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Yet another reason to love Notre Dame

Heather VanHoegarden | Thursday, August 19, 2004

Everyone knows about the football Saturdays, the green shirts and most of allthe student sections. But what happens to the 75 percent of the student population who played sports in high school? After all, not everyone can run out of the tunnel…or can they?At Notre Dame, anything is possible in the world of intramurals. The dorm league games may not earn the recognition of Notre Dame’s 24 Division-I sports. Participants won’t be contributing to a 24th national championship for the Irish. The dorm leagues might not be as prolific as the Big East and dorm teams won’t be renewing any contracts with NBC, but that doesn’t mean intramurals aren’t important. To students here, winning an intramural championship is a great achievement.Full-contact intramural football. This is where it begins. The only non-service academy university in the country with such a program, Notre Dame is home to a dorm league each fall. Men from each hall suit up just as they did under the Friday night lights for their high school team. But this time, it is different. More is at stake. A chance to play in the championship game at Notre Dame Stadium, the House that Rockne built, awaits those good enough. There may not be 80,000 screaming fans, but these athletes become a part of Notre Dame football, even if it’s just because they played on the same field as the likes of Joe Montana and Jerome Bettis. They run out of the tunnel, and it becomes their Stadium too. But they aren’t the only ones.Meanwhile, the women are busy competing for a shot in the Stadium as well, with their own interhall flag football league. It is the one chance they get to set foot on the legendary field. But don’t worry, Notre Dame isn’t just about football. There is basketball, volleyball, even horseshoes. And if those don’t suit your fancy, you can play racquetball or even bowl. And of course, don’t forget broomball and badminton. This variety of over 20 sports each year could be the reason that 80 percent of students participate in intramurals. Or it could be that the championship of both the men and women’s basketball leagues is played in the Joyce Center. And when these athletes play here, they can think of the great players who made the JACC their home – Matt Carroll, Troy Murphy, Ryan Humphrey and many others. Or they could remember what has happened on the same court. Just this year, the Irish women upset then-No. 4 Connecticut Jan. 13, giving the Huskies just their fourth loss in three seasons. And the Irish men did the same a month later, defeating then-No. 5 Connecticut Feb. 9. And don’t forget about 2001, when now-Olympian Ruth Riley led the Irish to a National Championship season. All of these games occurred on the same court as an intramural game. Ridiculous, don’t you think? There should really be some kind of rule against that. But at Notre Dame, there isn’t. Ivy Field, home to the Irish softball team, becomes home to the Pasquerilla West softball team, the Welsh Family softball team and every other women’s dorm team, for that matter, in the fall. Each fastpitch softball intramural game is played on the varsity field, from the first game to the championship game.Maybe that’s why Notre Dame was ranked No. 1 by the Princeton Review this year in the category of “Everyone plays intramural sports.” And Notre Dame was also the top dog in “Students pack the stadiums.” So you wonder how do they do it? One night it’s a bitter rivalry of Siegfried versus Knott and the next it’s a Big East matchup of Notre Dame versus Connecticut. But that is what makes this place special. Both of those games are important. Both will have fans, and both will have stars. After all, it is the same game. But then you say, intramural athletes don’t receive recognition like varsity athletes. Wait, they have that covered. The annual “RecSpys,” modeled after ESPN’s ESPYs, honor athletes of the year, a team of the year, fans of the year and a game of the year. There’s even a dinner reception for the winners and nominees.So just when you thought your athletic career was over, coming to Notre Dame as a “former” athlete isn’t so bad. Really, it’s just a way for you to have a fresh start. And besides, how many people can say they competed on the varsity field or arena at one of the greatest sports schools in the country? It’s a once-in-a-lifetime opportunity, so don’t pass it up.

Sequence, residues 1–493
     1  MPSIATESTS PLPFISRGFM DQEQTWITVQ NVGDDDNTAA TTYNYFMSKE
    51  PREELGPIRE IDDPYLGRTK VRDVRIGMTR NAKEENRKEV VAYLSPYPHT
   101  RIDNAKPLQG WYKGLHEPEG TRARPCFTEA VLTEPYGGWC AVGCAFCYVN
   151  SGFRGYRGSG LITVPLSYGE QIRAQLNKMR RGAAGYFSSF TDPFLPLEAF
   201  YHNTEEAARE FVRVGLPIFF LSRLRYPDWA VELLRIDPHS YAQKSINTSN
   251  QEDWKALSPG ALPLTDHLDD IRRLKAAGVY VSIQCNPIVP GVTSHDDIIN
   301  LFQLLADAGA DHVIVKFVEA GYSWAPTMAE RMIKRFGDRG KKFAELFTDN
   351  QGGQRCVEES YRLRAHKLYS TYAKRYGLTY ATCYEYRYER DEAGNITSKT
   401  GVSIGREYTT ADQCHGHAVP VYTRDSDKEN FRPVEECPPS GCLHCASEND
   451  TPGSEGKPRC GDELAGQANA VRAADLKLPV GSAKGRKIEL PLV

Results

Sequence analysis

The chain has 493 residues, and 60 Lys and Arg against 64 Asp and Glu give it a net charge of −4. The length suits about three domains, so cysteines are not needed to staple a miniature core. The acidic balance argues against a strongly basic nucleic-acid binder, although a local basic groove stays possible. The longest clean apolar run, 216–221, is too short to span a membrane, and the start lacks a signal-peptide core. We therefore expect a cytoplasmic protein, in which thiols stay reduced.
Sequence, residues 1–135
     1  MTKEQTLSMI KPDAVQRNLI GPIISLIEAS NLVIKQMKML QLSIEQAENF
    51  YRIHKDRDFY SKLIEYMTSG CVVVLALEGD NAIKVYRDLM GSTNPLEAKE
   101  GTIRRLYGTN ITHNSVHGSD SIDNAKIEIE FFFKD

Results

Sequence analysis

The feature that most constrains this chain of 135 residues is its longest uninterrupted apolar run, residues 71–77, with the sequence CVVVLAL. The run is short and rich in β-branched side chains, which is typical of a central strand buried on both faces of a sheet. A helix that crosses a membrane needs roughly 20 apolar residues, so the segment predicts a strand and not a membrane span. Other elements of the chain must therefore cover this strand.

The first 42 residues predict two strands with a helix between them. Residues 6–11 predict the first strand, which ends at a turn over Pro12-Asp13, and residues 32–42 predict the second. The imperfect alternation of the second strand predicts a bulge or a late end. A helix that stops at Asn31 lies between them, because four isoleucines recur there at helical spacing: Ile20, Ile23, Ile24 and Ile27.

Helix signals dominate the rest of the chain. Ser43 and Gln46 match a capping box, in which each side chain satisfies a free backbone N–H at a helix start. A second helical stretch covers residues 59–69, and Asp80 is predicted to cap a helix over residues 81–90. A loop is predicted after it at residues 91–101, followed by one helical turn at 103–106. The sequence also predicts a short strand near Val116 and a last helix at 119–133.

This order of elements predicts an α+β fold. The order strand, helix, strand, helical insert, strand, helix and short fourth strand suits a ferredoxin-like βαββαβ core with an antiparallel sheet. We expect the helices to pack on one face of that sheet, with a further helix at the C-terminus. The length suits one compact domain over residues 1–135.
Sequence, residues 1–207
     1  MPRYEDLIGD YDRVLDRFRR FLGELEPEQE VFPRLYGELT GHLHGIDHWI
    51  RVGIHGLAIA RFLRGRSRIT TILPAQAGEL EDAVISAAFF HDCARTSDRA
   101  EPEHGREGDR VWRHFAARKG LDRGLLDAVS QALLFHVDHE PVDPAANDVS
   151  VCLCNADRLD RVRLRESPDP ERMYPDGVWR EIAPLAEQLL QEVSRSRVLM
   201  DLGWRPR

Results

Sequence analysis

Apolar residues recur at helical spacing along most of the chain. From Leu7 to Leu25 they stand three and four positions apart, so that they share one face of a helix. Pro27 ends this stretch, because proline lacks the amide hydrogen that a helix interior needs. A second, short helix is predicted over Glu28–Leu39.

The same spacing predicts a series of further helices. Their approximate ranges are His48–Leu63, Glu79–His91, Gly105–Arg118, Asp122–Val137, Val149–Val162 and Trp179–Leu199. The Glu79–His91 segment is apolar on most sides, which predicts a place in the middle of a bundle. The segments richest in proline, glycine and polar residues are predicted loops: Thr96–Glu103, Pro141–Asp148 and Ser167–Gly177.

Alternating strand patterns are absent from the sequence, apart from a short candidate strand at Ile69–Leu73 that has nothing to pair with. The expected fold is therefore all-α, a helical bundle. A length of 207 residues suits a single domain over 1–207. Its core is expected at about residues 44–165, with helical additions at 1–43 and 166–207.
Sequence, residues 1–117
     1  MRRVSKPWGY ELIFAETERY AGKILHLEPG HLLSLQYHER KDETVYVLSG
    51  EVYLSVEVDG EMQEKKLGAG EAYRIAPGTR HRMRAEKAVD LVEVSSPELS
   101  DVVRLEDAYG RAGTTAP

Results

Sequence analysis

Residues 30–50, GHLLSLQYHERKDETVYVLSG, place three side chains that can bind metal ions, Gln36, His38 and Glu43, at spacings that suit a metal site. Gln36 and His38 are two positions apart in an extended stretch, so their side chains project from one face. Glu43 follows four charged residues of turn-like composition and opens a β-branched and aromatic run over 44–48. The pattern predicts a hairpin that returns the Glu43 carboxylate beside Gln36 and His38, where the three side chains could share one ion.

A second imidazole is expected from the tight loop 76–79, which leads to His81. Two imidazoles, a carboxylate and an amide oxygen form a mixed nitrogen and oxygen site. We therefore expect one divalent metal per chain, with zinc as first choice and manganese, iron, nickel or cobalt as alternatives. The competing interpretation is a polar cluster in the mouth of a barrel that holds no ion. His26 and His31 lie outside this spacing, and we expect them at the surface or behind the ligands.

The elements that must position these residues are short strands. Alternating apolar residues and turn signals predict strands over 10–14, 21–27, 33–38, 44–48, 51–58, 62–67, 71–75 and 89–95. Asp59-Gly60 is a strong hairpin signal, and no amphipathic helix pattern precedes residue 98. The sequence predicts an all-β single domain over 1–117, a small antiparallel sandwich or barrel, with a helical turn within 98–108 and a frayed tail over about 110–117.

The views expressed in this column are those of the author and not necessarily those of The Observer.Contact Heather Van Hoegarden at [email protected]